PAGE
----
Burning the midnight oil might help you meet your deadline but it can have a bad effect on everything from your skin and hair to your mental health. Sleep reduces inflammation in our body and it also produces cytokines that are signaling proteins that tell our immune system how to work, when we sleep. These inflammatory markers are not produced well when you lack sleep. A good night’s sleep is also important for maintaining immunity, energy restoration, and memory consolidation. While you might be determined to lose your sleep over your work, there are many other reasons which might be messing with your quality of sleep. And it’s not just revenged procrastination during the pandemic, but also hormonal changes, nutritional deficiencies, and lifestyle conditions such as diabetes that can wreck your sleep.
“Our body has an internal clock called the circadian rhythm and is conditioned to function according to how we treat it and the schedule we follow. This circadian rhythm is affected by various factors such as hormones, light, and darkness, which is also why it affects our sleep-wake cycle. We sleep in three phases and most sleep is in the non-REM (rapid eye movement) stage which is the deep sleep stage. The REM stage is the first stage and lasts for 90 minutes. Adults have a short REM cycle and it reduces as we grow old,” explains Dr. Samudrika Patil, clinical endocrinologist and CEO, Vedicure healthcare and wellness. Dr. Patil adds that the rhythm is controlled by the suprachiasmatic nucleus in our hypothalamus. It generates many hormones in our body and is responsible for many bodily functions. “It stimulates the creation of the hormone melatonin, which controls our sleep. It affects the circadian rhythm. We need to be in a dark place for melatonin to be secreted,” she says. It then forms a vicious cycle, that is, if you attempt to sleep at the right time, your melatonin production is regularised but if you mess with it, it affects your sleep and other functions.
Here’s what might be affecting your nightly Zzzs and why you need to correct it.
1) Odd working hours
If you felt that you could survive with just five hours of sleep and use all possible minutes of the day to finish your work, you can’t be more wrong. “When we stay up late, it causes a reverse melatonin and cortisol ribbon. Our body releases cortisol, adrenaline, and other hormones when we are active and working. Cortisol is released by the hypothalamus-pituitary-adrenal axis (HPA axis). When you stay up late, this cycle gets reversed, as the body releases cortisol when you are working at night, plus melatonin gets released when you try to sleep but by then it’s the day. This eventually reduces the quality of sleep and you will sleep for fewer hours,” says Dr. Patil. And since the HPA axis controls everything from digestion to your sex drive, losing sleep will have far-reaching effects eventually.
Insulin controls blood glucose levels. When one has insulin resistance, our body cannot use the insulin by beta cells to control blood sugar. “Diabetics often suffer from polyuria which makes you want to pee often and lose sleep over it. Insulin sensitivity also lowers the blood glucose level, which means you can get hungry in the middle of the night and wake up to eat. This also affects ghrelin or our hunger hormone, and if you eat food with low GI, it won’t keep you full for longer,” says Dr. Patil.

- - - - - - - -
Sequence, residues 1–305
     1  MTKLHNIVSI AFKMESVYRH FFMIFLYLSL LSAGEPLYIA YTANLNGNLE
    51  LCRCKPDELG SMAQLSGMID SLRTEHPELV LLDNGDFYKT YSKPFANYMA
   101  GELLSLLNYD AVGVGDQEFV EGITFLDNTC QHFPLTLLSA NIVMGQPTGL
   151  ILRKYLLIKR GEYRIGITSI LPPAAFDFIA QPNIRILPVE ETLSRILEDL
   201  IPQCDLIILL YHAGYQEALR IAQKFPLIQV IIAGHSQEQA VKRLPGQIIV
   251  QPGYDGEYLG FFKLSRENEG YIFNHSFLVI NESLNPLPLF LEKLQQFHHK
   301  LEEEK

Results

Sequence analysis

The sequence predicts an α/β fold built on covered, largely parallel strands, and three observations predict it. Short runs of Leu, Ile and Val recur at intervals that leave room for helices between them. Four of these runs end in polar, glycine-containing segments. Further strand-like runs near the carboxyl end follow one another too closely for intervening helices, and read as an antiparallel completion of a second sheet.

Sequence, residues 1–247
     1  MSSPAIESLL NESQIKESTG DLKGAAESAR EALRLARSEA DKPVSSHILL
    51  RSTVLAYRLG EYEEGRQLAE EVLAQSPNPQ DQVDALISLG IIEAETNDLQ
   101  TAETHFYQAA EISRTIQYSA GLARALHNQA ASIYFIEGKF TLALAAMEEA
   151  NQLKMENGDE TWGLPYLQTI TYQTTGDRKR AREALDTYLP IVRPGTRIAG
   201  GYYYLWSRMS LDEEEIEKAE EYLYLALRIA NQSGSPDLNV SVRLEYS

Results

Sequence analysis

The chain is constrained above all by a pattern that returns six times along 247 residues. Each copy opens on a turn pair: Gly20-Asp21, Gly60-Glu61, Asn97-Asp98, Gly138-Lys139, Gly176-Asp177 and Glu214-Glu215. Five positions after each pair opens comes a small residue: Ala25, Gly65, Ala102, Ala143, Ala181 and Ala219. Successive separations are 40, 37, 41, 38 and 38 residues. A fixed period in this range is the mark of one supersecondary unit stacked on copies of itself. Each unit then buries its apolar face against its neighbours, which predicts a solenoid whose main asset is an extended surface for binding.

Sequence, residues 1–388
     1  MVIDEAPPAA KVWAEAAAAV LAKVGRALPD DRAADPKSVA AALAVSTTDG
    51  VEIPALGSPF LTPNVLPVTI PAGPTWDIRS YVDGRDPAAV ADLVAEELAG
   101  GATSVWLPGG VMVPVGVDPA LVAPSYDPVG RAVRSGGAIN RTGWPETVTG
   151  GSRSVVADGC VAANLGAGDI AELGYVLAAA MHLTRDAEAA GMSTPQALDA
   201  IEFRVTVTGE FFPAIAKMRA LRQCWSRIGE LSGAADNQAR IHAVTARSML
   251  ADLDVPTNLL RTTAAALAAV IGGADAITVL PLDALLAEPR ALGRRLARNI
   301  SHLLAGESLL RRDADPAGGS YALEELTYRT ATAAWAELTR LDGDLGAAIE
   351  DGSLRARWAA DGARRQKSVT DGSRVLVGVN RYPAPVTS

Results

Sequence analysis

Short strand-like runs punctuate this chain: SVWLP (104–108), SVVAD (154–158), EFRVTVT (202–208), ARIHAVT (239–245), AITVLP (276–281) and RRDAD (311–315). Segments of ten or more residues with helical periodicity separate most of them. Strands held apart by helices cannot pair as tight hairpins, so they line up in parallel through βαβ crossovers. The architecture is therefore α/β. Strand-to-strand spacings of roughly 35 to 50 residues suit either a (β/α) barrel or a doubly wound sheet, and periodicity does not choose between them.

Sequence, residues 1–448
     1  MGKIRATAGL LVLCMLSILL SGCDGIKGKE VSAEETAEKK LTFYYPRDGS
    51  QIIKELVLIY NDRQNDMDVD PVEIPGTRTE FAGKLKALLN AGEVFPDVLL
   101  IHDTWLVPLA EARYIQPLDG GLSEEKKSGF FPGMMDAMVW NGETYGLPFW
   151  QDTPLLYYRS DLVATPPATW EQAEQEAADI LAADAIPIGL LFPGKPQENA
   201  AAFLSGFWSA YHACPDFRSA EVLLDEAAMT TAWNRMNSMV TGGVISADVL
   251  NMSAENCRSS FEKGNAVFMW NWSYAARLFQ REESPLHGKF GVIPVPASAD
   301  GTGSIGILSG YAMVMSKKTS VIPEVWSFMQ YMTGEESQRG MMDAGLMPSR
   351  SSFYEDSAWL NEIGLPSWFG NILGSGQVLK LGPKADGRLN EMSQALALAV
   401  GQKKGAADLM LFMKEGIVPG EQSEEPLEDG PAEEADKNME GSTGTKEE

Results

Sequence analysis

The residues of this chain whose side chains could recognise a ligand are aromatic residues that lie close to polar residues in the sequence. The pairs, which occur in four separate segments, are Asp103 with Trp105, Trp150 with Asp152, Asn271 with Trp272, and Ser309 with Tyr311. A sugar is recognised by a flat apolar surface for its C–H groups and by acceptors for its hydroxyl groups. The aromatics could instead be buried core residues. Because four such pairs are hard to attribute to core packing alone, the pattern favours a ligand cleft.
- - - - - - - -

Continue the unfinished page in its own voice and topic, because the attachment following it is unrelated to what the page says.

3) Stimulants and eating before sleep
If you love your post-dinner coffee, chances are it might be running your sleep. Caffeine being a stimulant will keep you up even if it’s sleep time. “Eating just a few hours before sleep also causes acid reflux and affects your sleep. Also, alcohol consumption causes dehydration and makes you lose sleep. If you work out at night, do not have pre and post-workout supplements as many of them contain stimulants such as caffeine,” says Dr Patil. She adds that medicine for blood pressure contains beta blockers and that affects sleep too.
When you sleep late and wake up late, you aren’t getting enough vitamin D which affects your sleep. Vitamin D deficiency also causes depression, which again affects the quality of sleep. “One of the first signs of depression is when you want to sleep even during the day. Anxiety and depression negatively impact our quality of sleep and anxiety in these times are specifically causing many people to lose sleep,” says Dr. Patil. She adds that issues such as migraine, gout, and arthritis which cause chronic pain also affect the sleep cycle, as does sleep apnoea which makes one wake up due to difficulty in breathing.
What you should do in such cases?
Make it a habit to wake up at a certain time and voluntarily force yourself to sleep on time and your rhythm will settle in a couple of weeks. “Keep your phone aside as screen light will affect your sleep time and create a feel-good placebo environment. It’s safe to consume one to 10mg of melatonin supplement an hour before sleep. Any doses 25 to 30mg can cause trouble, headache, and depression because of drowsiness during the day because when you feel drowsy, you believe something is wrong,” says Dr. Patil.